Vibrio (Mull), the type of the vibrionia, a family of minute colorless organisms, arranged by Ehrenberg and Dujardin among infusorial animals from the possession of apparently voluntary motions, but now generally considered as microscopic plants, compound or confervoid algae of the tribe oscillatoriaceoe. They are exceedingly minute, requiring the highest powers of the microscope to make out any structure; they appear like slender lines, straight or sinuous, composed of minute joints, without any visible organs of motion, though possessing contractility; they seem to be propagated by the formation of new joints and subsequent separation at one of the articulations; their structure is best seen when dried. They appear suddenly in artificial infusions, and grow rapidly in such immense numbers as to form a thick scum on the surface; they are also found in the tartar on the teeth, in purulent discharges, and in other morbid fluids. The species of the genus vibrio have an undulatory and sinuous motion, like a serpent; in spirulina, which is coiled in a long spiral, the movements are gyratory and oscillating.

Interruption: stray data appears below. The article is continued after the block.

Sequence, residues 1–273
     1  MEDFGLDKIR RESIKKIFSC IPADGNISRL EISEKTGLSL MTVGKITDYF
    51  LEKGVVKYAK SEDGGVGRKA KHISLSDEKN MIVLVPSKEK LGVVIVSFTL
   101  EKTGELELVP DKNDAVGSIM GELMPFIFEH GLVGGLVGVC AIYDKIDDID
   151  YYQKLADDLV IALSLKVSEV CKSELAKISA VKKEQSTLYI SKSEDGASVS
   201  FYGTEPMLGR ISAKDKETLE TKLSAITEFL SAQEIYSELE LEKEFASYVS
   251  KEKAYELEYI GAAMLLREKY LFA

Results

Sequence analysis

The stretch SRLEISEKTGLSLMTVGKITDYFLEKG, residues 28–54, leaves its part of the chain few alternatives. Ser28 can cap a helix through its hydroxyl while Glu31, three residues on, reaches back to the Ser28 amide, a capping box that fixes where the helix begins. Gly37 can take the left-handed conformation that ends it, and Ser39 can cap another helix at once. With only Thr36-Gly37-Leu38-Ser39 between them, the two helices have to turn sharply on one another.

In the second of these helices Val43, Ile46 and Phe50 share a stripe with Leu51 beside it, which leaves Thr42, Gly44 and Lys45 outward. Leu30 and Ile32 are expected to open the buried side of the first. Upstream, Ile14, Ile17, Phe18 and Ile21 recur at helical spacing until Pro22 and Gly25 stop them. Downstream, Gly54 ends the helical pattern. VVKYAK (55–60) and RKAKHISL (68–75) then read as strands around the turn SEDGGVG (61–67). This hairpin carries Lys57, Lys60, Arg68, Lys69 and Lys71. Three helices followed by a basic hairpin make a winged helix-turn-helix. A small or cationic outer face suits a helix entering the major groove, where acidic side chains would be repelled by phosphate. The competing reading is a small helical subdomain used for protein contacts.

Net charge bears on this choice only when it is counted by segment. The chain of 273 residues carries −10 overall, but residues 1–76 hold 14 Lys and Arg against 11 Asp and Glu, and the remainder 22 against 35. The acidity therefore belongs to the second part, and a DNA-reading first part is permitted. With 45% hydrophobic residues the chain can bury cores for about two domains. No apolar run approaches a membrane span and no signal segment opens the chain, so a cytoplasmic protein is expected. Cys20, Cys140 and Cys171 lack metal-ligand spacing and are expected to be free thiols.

In vibrio there is a single, straight row of filaments, without apparent sheath; V. subtilis, about 1/430 of an inch long and 1/24 wide, is aquatic and found in pools; some of the other species are probably the earlier stages of other unknown algae. - The so-called "eels" of vinegar and sour paste, sometimes erroneously styled vibrios, are nematoid worms or entozoa; they were once popular microscopic objects. They belong to the genus anguillula (Miill.); the A. aceti or vinegar eel is 1/30 to 1/17 of an inch long, and the A. glutinis or paste worm 1/15 of an inch; their absence in vinegar is due to the freedom from mucilage and the usual addition of a little sulphuric acid.